Once upon a time, a group of extraordinarily talented young musicians married traditional Irish music with a punk rock attitude helping to revitalize a wounded Ireland’s international popularity in the process. The Pogues recorded a handful of brilliant albums, and toured the world several times over. At the height of their success, an overwhelmed lead singer and chief songwriter’s drinking got the best of him—but not before he co-created the band’s enduring Christmas card.
What could have easily been a by-the-numbers, cliched documentary on one of Generation X’s more acclaimed ongoing train derailments becomes a mesmerizing and creatively stirring feature film in the hands of iconic director Julien Temple. Temple has done this sort of thing before, especially with the remarkable 2007 Joe Strummer study, The Future Is Unwritten. Of course, with that endeavor Temple helmed a relatively simpler project of chronically a deceased subject’s life. With Crock of Gold – A Few Rounds with Shane MacGowan, the filmmaker was tasked with someone who is not only somehow still alive—but with an eccentric, permanently inebriated, arguable genius long known to be very “difficult,” as well.
With obvious parameters set by his friend MacGowan and others, Temple plays the cards he was dealt, then; it quickly becomes obvious that he has quite a handful.
Crock of Gold is peppered with recollections, observations and utterances exchanged between an increasingly reclusive MacGowan and a handful of friends… hence, “A Few Rounds.” These snippets of conversations reveal more and more of the songwriter’s multiple facets: MacGowan and longtime confidant Johnny Depp (a co-producer) cackle in conspiratorial tones over a bottle of whiskey, and prodding by MacGowan’s wife Victoria Mary Clarke (an associate producer) is akin to a longtime nurse drawing answers out of a garrulous patient. Talks with Primal Scream frontman Bobby Gillespie resemble hesitant, poignant revelations during a reunion of longtime friends; discussing Ireland’s struggle, and personal reconciliations, with former Sinn Fein frontman Gerry Adams has all of the atmosphere of a former teacher visiting a prized pupil in a convalescent home.
And yes, Shane MacGowan is convalescing, albeit at home and doubtlessly for the rest of his days. The once snarling, sneering punk’s speech is more slurred now. At 62, he has the countenance and mannerisms of a fragile 90-year-old who has suffered a stroke. Not revelatory, but nonetheless eyebrow-raising to see a Generation X icon slumped over in his seat… or wheelchair, which he has been using since being seriously injured in a 2015 fall. But there is no self-pity evident here, too much spirit lurking for that. Nor does Temple attempt to solicit sympathy; there’s too good of a tale to absorb, and no time is wasted. MacGowan’s lifelong dance with drink and past dalliances with illicit drugs are visited—and re-visited—in Crock of Gold, but matter-of-factly and often humorously. Not a weepy tale of redemption, but hope and spirit nonetheless abound.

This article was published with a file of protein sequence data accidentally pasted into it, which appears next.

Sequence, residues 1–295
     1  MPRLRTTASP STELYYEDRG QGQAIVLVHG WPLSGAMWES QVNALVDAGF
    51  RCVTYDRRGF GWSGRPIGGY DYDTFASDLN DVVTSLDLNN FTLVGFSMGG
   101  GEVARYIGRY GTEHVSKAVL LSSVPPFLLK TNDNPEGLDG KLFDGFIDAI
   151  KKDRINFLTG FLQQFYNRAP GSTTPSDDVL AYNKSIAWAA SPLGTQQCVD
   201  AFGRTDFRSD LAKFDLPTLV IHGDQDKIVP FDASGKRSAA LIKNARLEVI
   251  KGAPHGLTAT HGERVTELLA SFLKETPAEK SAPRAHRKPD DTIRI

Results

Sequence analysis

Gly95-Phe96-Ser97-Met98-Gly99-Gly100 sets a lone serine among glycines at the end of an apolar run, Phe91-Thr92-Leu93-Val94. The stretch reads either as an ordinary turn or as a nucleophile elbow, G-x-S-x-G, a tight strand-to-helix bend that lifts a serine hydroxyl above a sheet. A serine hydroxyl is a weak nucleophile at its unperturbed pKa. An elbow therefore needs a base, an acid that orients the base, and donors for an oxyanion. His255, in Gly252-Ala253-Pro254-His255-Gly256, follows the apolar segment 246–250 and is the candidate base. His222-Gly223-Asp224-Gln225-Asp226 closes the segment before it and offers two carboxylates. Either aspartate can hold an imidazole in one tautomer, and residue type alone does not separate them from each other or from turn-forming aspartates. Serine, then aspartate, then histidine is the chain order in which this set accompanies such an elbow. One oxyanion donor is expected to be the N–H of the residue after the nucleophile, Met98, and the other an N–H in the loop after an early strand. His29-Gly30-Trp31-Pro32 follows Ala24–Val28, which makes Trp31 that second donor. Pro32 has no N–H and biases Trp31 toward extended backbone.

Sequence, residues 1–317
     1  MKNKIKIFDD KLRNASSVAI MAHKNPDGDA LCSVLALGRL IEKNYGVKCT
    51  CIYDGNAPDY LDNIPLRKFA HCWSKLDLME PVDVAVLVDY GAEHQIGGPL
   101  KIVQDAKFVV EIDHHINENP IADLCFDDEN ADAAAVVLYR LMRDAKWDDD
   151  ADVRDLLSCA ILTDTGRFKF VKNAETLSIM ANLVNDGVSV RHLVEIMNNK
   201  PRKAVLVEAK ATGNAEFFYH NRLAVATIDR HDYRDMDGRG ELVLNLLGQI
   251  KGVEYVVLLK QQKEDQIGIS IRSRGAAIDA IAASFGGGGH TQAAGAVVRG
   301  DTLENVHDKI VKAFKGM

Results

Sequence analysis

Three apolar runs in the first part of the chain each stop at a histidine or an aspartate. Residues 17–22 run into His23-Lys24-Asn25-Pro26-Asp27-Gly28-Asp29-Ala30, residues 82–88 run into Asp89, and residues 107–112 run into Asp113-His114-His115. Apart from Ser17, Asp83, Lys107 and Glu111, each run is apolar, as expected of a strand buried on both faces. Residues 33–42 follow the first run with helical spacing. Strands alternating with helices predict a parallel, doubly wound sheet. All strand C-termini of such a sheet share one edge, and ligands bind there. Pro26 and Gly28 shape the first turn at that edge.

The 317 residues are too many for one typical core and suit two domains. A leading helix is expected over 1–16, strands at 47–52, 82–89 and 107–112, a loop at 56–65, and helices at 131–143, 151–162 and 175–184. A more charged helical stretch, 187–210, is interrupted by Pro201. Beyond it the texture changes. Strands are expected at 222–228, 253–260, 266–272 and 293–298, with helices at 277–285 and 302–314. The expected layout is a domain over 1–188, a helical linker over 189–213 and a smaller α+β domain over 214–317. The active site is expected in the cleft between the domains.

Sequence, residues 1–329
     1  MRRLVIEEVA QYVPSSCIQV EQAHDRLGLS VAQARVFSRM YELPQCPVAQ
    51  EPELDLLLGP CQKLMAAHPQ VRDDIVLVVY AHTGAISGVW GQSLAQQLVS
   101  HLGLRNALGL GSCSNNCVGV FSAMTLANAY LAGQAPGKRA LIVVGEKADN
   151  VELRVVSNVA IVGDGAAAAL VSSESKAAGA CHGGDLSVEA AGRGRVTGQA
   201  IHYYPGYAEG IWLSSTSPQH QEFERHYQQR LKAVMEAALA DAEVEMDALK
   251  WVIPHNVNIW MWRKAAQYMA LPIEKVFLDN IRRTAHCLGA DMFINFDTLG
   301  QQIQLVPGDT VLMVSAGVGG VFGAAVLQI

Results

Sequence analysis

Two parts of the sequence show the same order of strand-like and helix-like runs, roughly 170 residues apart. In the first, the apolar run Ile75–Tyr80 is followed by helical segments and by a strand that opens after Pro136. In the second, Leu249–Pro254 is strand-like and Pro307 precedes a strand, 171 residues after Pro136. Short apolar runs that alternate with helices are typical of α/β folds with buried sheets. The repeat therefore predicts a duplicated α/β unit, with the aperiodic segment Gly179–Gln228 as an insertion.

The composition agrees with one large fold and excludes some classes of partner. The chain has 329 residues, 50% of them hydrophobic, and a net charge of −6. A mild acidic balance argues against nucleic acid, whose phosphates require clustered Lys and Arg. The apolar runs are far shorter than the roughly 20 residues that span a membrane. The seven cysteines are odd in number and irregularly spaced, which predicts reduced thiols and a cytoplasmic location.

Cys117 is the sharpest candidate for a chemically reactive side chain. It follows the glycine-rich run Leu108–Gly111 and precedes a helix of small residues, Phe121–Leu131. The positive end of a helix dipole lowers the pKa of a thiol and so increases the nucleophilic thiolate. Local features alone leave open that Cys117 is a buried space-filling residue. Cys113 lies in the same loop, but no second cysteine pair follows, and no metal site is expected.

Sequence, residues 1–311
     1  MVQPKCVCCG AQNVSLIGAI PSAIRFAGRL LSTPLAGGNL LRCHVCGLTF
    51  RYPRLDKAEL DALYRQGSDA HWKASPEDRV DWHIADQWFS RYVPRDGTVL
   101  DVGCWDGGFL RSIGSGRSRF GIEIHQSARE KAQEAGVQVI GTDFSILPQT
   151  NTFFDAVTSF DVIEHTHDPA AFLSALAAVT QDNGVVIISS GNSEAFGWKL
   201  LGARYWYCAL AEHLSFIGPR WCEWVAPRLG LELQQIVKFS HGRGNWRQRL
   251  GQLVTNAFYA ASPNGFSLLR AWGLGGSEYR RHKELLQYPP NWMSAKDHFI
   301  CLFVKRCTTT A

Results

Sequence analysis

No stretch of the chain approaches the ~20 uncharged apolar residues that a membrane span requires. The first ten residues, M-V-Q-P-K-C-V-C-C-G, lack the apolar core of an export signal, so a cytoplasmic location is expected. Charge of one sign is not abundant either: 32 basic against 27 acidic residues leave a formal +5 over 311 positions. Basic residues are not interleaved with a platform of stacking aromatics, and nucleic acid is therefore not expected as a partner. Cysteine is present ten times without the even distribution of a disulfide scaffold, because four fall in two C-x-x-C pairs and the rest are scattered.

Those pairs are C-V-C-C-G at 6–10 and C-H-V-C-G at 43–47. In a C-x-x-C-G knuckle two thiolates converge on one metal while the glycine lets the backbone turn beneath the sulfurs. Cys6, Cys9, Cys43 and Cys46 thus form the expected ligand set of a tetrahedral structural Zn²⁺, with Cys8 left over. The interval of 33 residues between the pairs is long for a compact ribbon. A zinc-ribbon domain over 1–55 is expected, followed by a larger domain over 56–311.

An encapsulated history of Ireland’s struggles—intertwined with the musician’s cherished early years living on a farm—consume the first half of Crock of Gold. Beautiful animation and well-produced live-action re-enactments are unintentionally narrated by a taped MacGowan, when he isn’t discussing The Troubles and The Famine with Adams on-camera. It’s engrossing to realize exactly how integral Catholicism, Irish-British relations—and MacGowan’s family relations—are to his story, his psyche and his songwriting.
The film’s Disney-esque animation shifts to a style more akin to R. Crumb’s in the second act, as MacGowan’s family makes a traumatic move to England. MacGowan ruefully recounts mistreatment as a “Paddy” at the hands of English boys, and his parents recollect a talented young man floundering in a hostile, alien environment. Eventually, he’s immersed in London’s fledgling punk scene—beginning with an infamously bloody attendance of a 1976 Clash concert. Though Pogues concert footage is sprinkled throughout the film, MacGowan relates the band’s formation and career with more emotion than detail. None of his former bandmates stop by to chat, and are sparsely mentioned; the singer ultimately apologizes for this, in his own way. MacGowan does talk about “Fairytale of New York”—how could he not—and speaks tenderly of the late, great Kirsty MacColl. The narrative essentially stops at the meltdown he experienced while touring non-stop in support of 1988’s If I Should Fall From Grace With God album—but not before MacGowan caustically savages Pogues manager Frank Murray as well as Elvis Costello, who produced the earlier Rum, Sodomy & The Lash record.
Crock of Gold then fast-forwards thirty years to admirers such as Bono and Nick Cave serenading the genius poet with his own songs at a 60th birthday concert.
At one point, MacGowan says to his wife that he wants to be able to write again… one hopes that the miraculously living legend realizes that he’s done just that with Crock of Gold, with a little help from his friends. And as in the old days, fans and novices alike will be wanting to flip the tape over and play it again once the credits roll.